4. 4. 20 resource.guide.for.sustainable.development economics of sustainable design Green Can Be Gold The market is changing. Market demand will be the true driver of sustainable development. In 1999, the USGBC LEEDTM registeredsquarefootageofbuildingsintheUnitedStateswasidentifiedas“notapplicable.” In 2000, approximately 8,400,000 square feet were registered, and by September 2002 over 71,000,000 square feet of space had been registered to certify within the program. Understanding this, developers who provide buildings meeting credible sustainable criteria can have an edge over their competition today and meet the market demand of tomorrow. Green can be gold. Building value can be increased through incorporation of targeted sustainable strategies. Making Wise Choices and Sustainable Cost Transfer All projects have a fixed budget for which costs must be controlled to meet the budget criteria. Along the path to a completed building, the project team must make a series of choices to determine the makeup of the final constructed project. For example, the team could choose to have a marble floor or could allocate those costs to a more energy efficient lighting system, while still remaining within the original budget parameters. Recreational Equipment, Inc. (REI) is a good example of a company whose capital projects need to meet the bottom line (“no dividend impact”), while also leading the industry in incorporating sustainable strategies. Opening in 1996, REI’s Seattle Flagship store broke new ground in green architecture. The Flagship was recognized by the AIA with a Regional Honor Award and named one of the AIA Top Ten Green Buildings in the United States in 1999. The store also exceeded the 5th year annual sales target the first year. REI’s Denver Flagship was 1.5% under the building construction budget, was named one of the AIATop Ten Green Buildings in the United Statesin2001,receivedaNationalTrustforHistoricPreservation Honor Award, and exceeded the first year sales goals. These successes are a result of making wise choices and transferring costs on a holistic basis. Sustainable Cost Transfer within a fixed budget is a concept that eliminates certain elements and transfers those costs to other elements that have a higher environmental benefit. A common strategy in cost transfer is to move mechanical systems budgets to building envelope budgets. For example, air conditioning can often be eliminated through good design, and the budget line items transferred to operable windows for natural ventilation. REI Flagship Store, Seattle Robert Pisano / Mithun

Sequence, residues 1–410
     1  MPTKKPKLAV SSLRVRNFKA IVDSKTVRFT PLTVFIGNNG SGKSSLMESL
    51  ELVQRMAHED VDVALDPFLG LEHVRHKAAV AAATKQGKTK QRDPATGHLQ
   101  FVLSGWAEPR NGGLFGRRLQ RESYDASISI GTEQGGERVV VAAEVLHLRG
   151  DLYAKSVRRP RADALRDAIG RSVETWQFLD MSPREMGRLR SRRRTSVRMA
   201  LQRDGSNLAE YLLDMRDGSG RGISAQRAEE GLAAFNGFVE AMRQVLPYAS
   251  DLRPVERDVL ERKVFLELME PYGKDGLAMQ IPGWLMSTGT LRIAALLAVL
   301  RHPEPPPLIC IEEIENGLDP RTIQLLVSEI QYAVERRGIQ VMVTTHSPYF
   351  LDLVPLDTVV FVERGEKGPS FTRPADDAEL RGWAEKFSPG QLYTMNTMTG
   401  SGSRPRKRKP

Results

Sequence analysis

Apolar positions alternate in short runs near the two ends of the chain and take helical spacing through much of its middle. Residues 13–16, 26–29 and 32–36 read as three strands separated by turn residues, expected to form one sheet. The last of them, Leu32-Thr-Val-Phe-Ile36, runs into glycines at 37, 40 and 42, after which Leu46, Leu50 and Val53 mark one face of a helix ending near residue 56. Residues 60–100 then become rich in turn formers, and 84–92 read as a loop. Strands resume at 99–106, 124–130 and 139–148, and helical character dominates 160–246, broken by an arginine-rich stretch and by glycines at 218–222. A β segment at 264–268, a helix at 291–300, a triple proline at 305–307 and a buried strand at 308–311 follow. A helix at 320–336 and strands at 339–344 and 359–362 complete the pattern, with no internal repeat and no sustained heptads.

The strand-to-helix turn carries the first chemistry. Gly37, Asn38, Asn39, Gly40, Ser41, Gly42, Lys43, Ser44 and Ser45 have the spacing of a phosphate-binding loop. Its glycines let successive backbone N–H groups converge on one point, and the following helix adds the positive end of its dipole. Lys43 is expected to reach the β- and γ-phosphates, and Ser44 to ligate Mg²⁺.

5. 5. 21 resource.guide.for.sustainable.development Understanding Choices and Additional Costs Beyond Base Building Budget Every project includes many choices and requires the team to make rapid decisions. We grouped some typical sustainable choices into three categories of relative economic viability: 1. Economically viable 2. Flexibility provides economic viability 3. No direct economic viability Category 1 – Economically Viable: Strategies that are economically viable because the increased income, decreased expenses and/or lower risk are sufficient to offset the incremental cost of adopting the strategy. Category 2 – Flexibility Provides Economic Viability: Strategies where providing the flexibility to implement solutions at a later date is economically viable because the increased income, decreased expenses and/or lower risk are not sufficient to offset the incremental cost of adopting the strategy for a short term investor. However, inflation, technology development and/or a longer investment horizon for a subsequent buyer are expected to make the strategies economically viable in the long term. Category 3 – No Direct Economic Viability – Strategies that are not economically viable because the increased income, decreased expenses and/or lower risk are not sufficient to offset the incremental cost of adopting the strategy. Costs for these elements must be justified through trade out with other building elements, environmental values incentives, or allocation from marketing budgets for improving brand identity.